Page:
Xpress made the community’s housing a priority

I moved to Asheville in 1989 and remember how excited I was to read the Green Line. As Western North Carolina director of the Self-Help Credit Union, I’ll always remember the day that Julian Price walked into our little office at 12 ½ Wall Street and made a substantial deposit. I know his support of the Self-Help Credit Union and Green Line were some of his earliest investments in Asheville.

In 1994, I was the executive director of the Affordable Housing Coalition of Asheville and Buncombe County. Mountain Xpress’ consistent coverage of important housing issues, starting with the passage of a minimum housing code, brought local housing advocacy to the forefront. Calvin Allen and the Fund for Investigative Reporting stayed on top of the housing code negotiations that went on for months. I can still remember one Xpress cover feature titled, “Burning Down the House,” which eloquently shared the story of a family living in a substandard rental home in Montford where sunlight showed through holes in the roof and rotting floorboards showed the ground below.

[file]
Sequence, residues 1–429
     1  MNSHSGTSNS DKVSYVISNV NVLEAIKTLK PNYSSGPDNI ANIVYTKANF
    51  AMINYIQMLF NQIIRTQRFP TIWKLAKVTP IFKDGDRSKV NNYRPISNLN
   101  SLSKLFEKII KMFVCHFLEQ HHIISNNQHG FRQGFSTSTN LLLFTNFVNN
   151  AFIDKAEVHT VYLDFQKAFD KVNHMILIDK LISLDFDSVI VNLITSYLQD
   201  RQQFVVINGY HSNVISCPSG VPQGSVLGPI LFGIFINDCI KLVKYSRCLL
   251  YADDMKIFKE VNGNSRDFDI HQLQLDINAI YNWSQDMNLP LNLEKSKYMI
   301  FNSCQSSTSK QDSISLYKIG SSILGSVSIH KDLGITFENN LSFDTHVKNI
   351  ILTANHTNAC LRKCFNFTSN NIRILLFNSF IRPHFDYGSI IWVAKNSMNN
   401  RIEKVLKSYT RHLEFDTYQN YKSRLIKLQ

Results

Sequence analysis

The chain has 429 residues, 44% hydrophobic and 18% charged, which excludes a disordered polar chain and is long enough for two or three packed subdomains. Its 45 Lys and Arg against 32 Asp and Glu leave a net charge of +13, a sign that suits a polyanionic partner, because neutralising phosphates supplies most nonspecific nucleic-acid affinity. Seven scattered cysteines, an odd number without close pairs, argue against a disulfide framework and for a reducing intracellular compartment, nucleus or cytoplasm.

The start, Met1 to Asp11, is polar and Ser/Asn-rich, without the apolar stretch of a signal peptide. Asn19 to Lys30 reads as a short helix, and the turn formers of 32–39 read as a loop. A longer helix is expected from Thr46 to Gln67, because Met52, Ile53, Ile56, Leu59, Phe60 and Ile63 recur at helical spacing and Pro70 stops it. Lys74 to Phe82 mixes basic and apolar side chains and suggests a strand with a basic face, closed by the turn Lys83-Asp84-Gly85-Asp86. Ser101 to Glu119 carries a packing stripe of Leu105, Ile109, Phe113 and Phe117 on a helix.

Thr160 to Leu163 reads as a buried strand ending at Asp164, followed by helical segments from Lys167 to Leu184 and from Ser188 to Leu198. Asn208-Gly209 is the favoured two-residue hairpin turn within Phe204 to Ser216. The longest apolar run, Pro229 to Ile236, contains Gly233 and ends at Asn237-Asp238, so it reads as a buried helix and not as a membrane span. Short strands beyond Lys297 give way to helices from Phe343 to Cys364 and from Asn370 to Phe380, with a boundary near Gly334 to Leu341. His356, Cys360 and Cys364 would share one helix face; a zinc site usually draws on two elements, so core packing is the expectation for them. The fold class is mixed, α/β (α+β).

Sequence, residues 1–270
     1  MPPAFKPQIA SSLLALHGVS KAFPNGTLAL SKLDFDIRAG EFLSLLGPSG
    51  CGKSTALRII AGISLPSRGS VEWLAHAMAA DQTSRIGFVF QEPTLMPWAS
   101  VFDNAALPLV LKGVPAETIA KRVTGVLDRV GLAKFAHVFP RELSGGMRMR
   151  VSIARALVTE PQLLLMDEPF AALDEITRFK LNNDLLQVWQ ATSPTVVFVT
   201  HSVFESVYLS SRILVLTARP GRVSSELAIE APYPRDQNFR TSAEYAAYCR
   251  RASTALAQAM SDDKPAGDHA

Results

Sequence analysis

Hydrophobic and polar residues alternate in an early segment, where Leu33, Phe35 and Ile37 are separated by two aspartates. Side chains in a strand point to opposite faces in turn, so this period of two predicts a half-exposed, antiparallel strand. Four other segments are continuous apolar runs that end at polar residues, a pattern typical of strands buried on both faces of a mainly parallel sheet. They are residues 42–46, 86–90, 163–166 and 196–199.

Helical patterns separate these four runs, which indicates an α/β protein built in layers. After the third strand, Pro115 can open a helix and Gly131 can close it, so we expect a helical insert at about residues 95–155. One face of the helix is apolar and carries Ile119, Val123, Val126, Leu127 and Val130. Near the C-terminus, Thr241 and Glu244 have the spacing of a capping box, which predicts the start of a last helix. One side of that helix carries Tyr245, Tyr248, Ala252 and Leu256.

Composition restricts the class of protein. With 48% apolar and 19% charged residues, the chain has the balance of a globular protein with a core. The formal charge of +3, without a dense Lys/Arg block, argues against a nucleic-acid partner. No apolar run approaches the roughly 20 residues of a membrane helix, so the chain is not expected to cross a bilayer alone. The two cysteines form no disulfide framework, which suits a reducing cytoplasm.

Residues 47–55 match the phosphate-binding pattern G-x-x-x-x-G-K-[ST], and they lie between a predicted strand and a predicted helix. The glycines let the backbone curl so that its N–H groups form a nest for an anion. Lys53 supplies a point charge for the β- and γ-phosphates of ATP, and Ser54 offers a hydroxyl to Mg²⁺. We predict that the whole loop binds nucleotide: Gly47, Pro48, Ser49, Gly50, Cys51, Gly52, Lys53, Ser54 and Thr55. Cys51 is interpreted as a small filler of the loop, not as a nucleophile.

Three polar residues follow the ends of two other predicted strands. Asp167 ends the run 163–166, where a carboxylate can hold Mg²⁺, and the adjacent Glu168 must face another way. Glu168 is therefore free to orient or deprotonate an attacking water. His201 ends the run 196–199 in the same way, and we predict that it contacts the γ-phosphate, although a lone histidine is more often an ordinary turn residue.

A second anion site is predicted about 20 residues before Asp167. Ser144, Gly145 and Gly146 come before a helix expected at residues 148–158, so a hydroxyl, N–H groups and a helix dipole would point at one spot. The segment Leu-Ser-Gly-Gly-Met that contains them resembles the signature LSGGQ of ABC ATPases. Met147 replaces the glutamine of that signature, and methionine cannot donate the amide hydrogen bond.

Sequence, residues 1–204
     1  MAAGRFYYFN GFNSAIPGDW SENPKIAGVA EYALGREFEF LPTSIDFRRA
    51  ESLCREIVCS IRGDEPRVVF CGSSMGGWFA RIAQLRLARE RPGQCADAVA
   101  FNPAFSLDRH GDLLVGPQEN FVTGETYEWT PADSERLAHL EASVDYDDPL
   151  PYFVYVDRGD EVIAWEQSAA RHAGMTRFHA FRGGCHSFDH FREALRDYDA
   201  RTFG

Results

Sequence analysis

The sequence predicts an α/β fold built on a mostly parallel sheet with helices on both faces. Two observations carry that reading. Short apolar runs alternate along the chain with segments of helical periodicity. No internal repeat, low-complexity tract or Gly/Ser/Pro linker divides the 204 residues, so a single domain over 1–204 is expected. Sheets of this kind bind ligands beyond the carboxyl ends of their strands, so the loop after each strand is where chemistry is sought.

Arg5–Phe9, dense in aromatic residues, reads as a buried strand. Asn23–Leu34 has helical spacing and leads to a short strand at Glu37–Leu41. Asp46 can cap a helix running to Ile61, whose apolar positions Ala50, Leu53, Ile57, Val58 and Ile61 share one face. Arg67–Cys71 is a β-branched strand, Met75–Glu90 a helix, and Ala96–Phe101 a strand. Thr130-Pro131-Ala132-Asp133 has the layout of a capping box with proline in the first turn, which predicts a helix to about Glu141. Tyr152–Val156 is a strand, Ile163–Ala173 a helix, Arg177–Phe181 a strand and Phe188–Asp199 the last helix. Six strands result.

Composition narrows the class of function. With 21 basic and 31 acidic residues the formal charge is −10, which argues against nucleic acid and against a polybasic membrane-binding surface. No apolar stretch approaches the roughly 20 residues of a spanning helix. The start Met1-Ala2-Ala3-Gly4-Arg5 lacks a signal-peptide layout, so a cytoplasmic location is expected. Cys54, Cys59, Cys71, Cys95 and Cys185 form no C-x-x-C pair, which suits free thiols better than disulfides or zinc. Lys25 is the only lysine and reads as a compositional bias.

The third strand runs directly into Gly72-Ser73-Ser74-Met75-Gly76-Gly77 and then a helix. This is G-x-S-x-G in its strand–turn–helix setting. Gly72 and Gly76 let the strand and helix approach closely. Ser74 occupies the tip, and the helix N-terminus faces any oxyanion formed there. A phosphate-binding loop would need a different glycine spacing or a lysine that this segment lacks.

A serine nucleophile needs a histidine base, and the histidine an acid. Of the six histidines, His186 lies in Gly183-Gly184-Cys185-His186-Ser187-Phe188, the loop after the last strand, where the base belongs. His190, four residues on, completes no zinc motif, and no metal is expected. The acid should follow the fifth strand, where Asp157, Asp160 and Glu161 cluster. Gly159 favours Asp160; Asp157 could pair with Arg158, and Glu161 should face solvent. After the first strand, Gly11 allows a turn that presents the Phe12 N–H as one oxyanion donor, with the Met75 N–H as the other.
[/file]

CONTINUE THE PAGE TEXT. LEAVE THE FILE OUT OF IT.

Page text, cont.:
After the city housing code passed, the Mountain Xpress stayed on top of other important community stories such as the creation of the Unified Development Ordinance and the passage of the Housing Trust Fund. Xpress’ in-depth coverage of these important stories furthered the community conversation and kept challenging issues in the public’s eye.

Beth Maczka is executive director of the YWCA of Asheville and WNC.


Thanks for reading through to the end…

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